The Infiniti FX is no staid, family-oriented luxury SUV. It's mean, outrageous, curvaceous and available with a pair of stout engines. While other SUVs are based on sedans, trucks and even minivans, the FX can trace its lineage back to a sports car: Nissan's Z.
Indeed, through its two generations, the FX has been a different sort of sport-utility: one that puts an unmistakable emphasis on "sport," while "utility" is a mere bonus. Passenger and cargo room have never been what we call generous, so if hauling the kids to hockey practice is a priority, something else may be in order. As such, it's certainly not for everyone. But for those who like the idea of a sport sedan on stilts and are attracted to its one-of-a-kind styling, the Infiniti FX has carved out a cool little niche of its own.
Current Infiniti FX
The current Infiniti FX is available in two models: the FX35 and FX50. The numbers indicate their respective engines, one a 3.5-liter 303-horsepower V6 and the other a 5.0-liter 390-hp V8. A seven-speed automatic with manual shift control is the only transmission available. Rear-wheel drive is standard for the FX35; an all-wheel-drive system with a rear bias to preserve the vehicle's sporty handling capabilities is optional. The FX50 is only offered with AWD.
Standard features are abundant, with automatic xenon lights, a sunroof, keyless ignition/entry, a power tailgate, leather upholstery, a rearview camera, Bluetooth and a Bose surround-sound system, items that are typically optional on competitor luxury SUVs. Yet the niceties don't stop there. Besides creature comforts like heated and cooled front seats, there are a staggering number of high-tech features for entertainment (Bluetooth streaming audio, digital music storage), safety (blind-spot warning, lane-departure warning) and protecting your bumpers (parking sensors, multicamera parking assist).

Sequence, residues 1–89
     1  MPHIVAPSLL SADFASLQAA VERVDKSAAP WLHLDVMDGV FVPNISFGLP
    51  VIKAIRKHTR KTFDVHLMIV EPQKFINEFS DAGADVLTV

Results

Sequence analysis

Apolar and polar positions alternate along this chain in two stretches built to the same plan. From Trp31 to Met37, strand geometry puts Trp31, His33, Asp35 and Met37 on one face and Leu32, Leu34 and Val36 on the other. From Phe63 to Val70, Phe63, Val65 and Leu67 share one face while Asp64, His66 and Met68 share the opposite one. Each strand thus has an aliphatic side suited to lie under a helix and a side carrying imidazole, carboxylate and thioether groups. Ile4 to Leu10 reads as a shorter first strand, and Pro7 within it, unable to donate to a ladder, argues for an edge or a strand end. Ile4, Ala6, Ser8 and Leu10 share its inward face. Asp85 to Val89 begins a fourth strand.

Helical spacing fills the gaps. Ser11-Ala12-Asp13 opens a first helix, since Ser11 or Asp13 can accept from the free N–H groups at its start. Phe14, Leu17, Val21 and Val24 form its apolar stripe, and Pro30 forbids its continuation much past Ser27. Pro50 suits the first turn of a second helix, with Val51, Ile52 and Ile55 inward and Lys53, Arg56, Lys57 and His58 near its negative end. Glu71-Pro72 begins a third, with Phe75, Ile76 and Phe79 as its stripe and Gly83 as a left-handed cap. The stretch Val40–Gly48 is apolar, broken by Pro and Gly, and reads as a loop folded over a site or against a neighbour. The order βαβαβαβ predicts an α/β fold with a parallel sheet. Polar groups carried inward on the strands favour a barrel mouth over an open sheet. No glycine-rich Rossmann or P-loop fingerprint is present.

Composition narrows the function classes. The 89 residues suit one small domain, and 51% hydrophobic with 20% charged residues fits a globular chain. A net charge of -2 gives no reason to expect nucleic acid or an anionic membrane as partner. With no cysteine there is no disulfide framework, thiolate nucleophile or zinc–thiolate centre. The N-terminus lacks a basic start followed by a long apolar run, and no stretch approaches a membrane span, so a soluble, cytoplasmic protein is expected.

In addition to its curvaceous styling, the FX is perhaps best known for its athleticism. It shares a platform with the Infiniti G sedan and the nimble EX, so carlike handling is encoded in its DNA. There's ultimately no hiding its higher center of gravity and hefty mass, but around corners, the FX displays impressive road-holding prowess and confidence, aided by strong, consistent brakes and a tight and direct steering feel. The trade-off, however, is a stiffer ride on the highway. Opting for larger wheel sizes only compounds matters, increasing road noise and impact harshness.
In reviews, we found the FX35 to provide more than enough power -- the FX50 is really just an example of overkill. The FX's most notable flaw is its lack of utility. Quite simply, its backseat and cargo area pale in comparison to its competitors -- even some small luxury crossovers are more spacious.
Read the most recent 2013 Infiniti FX review.
If you are looking for older years, visit our used Infiniti FX page.